** The variation I used: an SSD, 4GB memory, a USB tuner, and the Gigabyte minITX motherboard.
  2. they will be good with an ssd becuz everything will be setup on it before i give it to them and they will not add anything without asking me... despite being old and ignorant of computers mostly they have finally gotten to the level in the last couple years of realizing not to click on anything that says "you need x-software for x-reason click here and install free!" or other variants of scamming garbage cancer that is on the internet.

    they will definitel be leaving the cpu on for days at a time becuz they are like that, are you sure the the case is good to not overheat if left on for extended periods of time or anything though? i dont have much knowledge about compact desktops, i just remember the emachine disasters that used to happen and it kept me away from compact pcs cuz i dont want to duplicate that fiasco.

    thanks much for your thoughts =D
  3. I will suggest this $306 build again:

    here we go. $306.93

    LG 22x DVD burner: $17.99

    Rosewill case w. 120mm fan: $29.99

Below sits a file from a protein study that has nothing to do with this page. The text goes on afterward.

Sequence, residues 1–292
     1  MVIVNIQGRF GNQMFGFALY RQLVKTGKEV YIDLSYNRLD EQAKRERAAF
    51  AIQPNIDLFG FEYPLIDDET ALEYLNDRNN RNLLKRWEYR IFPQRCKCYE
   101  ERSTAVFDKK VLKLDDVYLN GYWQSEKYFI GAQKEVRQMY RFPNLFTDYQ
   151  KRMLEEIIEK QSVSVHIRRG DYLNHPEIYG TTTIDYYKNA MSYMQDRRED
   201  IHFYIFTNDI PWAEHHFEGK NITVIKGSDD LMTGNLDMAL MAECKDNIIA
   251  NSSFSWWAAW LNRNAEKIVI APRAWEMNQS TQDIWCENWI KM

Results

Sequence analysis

Seagate Barracuda 7200.12 1 TB Hard drive: $49.99

    AS Rock 880 G Motherboard: $59.99

    Mushkin Essentials 4 GB RAM: $49.99 w/ $10 MIR

    Athlon II X2 250: $58.99

    Seasonic 300W PSU, 80+ Bronze: $39.99
    Never skimp on the PSU.

    This is the basic computer

    since you want an SSD, I'll suggest Mushkin Callisto, who have a 40GB for $99.99

    if needed you can add:

    Windows 7 Home Premium OEM edition: $84.99

    21" 1920x1080 monitor $119.99:

    and pick up cheap keyboard/mouse/speakers locally.
  4. My wife hardly ever shuts the thing off. She uses it to watch multiple live bird cams (we all have our thing lol) from around the world, while chatting in a chat room, while uploading audio books to her iPod, while watching TV. I'd recommend 4GB for that application though :)

    One guarantee I can make - heat is not an issue.

    My concern when I built this was the psu. I'm a stickler for a good psu to avoid issues, and its not like there are good reviews of these flex psus. But we've been running it flat out for only 6 months, so that's the best info I can offer.